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Hobos get their start right here

September 09, 2004|BY TIM ROWLAND

Hagerstown just keeps racking up those awards, doesn't it? First it was a top honor in Money magazine as an up-and-coming town, and now this: Maxim magazine has pegged our city as the starting point for one of the top four railroad hobo routes in the nation.

Not in the state, not in the mid-Atlantic region, not in the East - in the nation. Right up there with the storied Spokane, Wash., and Cut Bank, Mont.

I was tipped off to this by my friend Sam, who feared he had missed the mayor's press conference celebrating the fact. But I'm guessing the mayor simply hasn't heard about it, since being named a top hobo hotspot isn't the kind of trophy you hide under a bushel.

Specifically, the piece comments that on the Norfolk Southern between Hagerstown and Knoxville, Tenn., you can "Pretend you're a defeated Southerner returning to your wife/cousin as you breeze through the Shenandoah Valley. Re-enactment will be easy when you lose a leg."

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Pretty impressive. They managed to offend more people in one sentence than I can usually muster in six to eight paragraphs. Clumsy, bungling hobos, check. Civil War re-enactors, check. Southerners as inbreeding hicks, check.

What a suave, urbane magazine such as Maxim is doing writing about hobos in the first place I don't know, unless that's what has become of all those middle managers at Enron and Global Crossing. Sure would make for some curious looking hobos.

"Hi, mom. The bad news is, I'm riding the rails; the good news is that I was able to hang onto my Armani power suit."

I don't want to pile on to the hobos too much here. Last time I did, I had an e-mail inbox fuller than a Georgia hotel during a Florida hurricane. Who knew that today's modern hobo carries a laptop?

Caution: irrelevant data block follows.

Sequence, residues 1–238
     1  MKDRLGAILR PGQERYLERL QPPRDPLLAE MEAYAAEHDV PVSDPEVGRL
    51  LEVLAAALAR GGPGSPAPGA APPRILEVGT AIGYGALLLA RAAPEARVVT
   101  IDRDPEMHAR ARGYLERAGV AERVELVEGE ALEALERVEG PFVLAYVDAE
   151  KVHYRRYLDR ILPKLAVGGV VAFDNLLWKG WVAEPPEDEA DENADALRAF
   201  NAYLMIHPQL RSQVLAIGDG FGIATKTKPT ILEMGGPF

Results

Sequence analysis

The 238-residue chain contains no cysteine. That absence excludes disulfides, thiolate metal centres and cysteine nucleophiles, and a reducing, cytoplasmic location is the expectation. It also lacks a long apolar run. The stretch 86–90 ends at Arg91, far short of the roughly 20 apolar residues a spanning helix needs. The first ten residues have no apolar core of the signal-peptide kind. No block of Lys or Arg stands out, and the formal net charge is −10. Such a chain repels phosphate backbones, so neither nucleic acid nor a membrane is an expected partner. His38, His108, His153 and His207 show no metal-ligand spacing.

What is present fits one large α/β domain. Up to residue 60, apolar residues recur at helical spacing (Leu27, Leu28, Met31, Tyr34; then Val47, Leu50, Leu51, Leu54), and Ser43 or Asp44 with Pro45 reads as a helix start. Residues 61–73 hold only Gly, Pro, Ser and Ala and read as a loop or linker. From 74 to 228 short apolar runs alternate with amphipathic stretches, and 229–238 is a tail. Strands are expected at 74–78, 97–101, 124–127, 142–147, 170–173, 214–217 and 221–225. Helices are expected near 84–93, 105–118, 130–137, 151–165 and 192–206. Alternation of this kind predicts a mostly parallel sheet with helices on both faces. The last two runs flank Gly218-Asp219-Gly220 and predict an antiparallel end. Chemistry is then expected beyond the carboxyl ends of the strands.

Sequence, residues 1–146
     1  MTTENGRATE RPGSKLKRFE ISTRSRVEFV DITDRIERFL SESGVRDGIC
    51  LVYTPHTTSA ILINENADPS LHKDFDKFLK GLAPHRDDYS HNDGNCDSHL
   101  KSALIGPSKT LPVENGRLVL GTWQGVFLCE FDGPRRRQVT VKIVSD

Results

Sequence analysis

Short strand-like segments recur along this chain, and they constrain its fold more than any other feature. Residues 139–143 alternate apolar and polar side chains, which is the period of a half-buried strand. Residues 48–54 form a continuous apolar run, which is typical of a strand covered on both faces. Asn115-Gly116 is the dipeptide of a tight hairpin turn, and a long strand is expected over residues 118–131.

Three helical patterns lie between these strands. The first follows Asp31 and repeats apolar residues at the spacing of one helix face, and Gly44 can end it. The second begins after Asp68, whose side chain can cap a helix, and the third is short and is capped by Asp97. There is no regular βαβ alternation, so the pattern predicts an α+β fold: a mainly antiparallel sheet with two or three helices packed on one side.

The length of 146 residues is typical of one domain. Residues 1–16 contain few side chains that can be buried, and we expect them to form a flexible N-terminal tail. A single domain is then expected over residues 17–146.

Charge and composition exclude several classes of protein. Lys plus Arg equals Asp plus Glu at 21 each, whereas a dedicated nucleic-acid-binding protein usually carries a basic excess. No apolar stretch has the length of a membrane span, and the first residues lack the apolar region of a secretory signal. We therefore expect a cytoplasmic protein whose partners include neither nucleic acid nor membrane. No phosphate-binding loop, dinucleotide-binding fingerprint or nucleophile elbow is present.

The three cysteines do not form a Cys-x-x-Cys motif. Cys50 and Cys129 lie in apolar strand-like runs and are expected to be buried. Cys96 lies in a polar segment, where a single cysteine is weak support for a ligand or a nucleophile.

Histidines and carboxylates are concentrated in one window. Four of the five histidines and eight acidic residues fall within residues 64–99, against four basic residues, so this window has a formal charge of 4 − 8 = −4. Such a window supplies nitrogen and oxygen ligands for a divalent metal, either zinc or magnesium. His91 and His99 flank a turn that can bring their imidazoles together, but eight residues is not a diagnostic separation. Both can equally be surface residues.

Besides, I have more important things on my mind today, specifically the decision by the City of Frederick to publish photos on the Web of dudes who have been arrested for soliciting prostitution.

Apparently the traditional punishments of fines and jail time just aren't reaching the offenders, so the city has decided it will resort to ridicule. Apparently this is important, since the City of Frederick assures us that prostitution leads to bigger and more serious crimes. One day you're ponying up a few bucks for a Golden Moment on the Golden Mile and the next day you suddenly wake up with an urge to hold up a liquor store.

But of course that's always what the authorities say about crimes that really don't seem worth the bother of pursuing. Which is not to say that I frown on the postings. In fact, I immediately bookmarked the site. For surfing purposes, it sure beats the pants off (so to speak) the Weather Channel site, or moveon.org.

The site is kinda hard to find, but you can find it on the City of Frederick Web site, right between, I am not kidding, the links for "Sink Hole Information" and "Integrated Pest Management & Landscape Reports." Just be real careful what you click, or you are likely to wind up, as I actually did, with a PDF of the Department of Public Works "Frequently Asked Questions about street trees" (In case you've been wondering, if you have a tree between the curb and the sidewalk in front of your house, yes, you are allowed to mulch).

'Course we don't care about that, we just want to see the mugs of the guys who have had their trousers at half-mast over the past 30 days. When I first visited the site, there were three photos, but as of this week they had all been taken down. Bummer.

It was beautiful, because the first two were about what you would expect. One guy was wearing a tank top; no sense wasting too much energy on proper attire for the big night - you don't want her to fall in love or anything.

And the next guy, same deal, same sheepish expression. But the third guy was what we pray for: The distinguished, gray-haired, cardigan-sweatered chap who looked as if he were just on his way home from a civic club committee luncheon.

It is with such big game in mind that I ask, nay, I insist, that the City of Hagerstown start doing the same thing. Then I will personally offer a cash prize to the most prominent individual who gets caught in the web - provided that when he gets his photo taken that instead of cowering, he flashes a big, happy ole grin. In fact, I myself might head for Frederick right now and start looking for an undercover cop. A $500 fine would be a small price to pay for the yuks. And I wish to be known for something besides being a simple host for hobos.




Tim Rowland is a Herald-Mail columnist.

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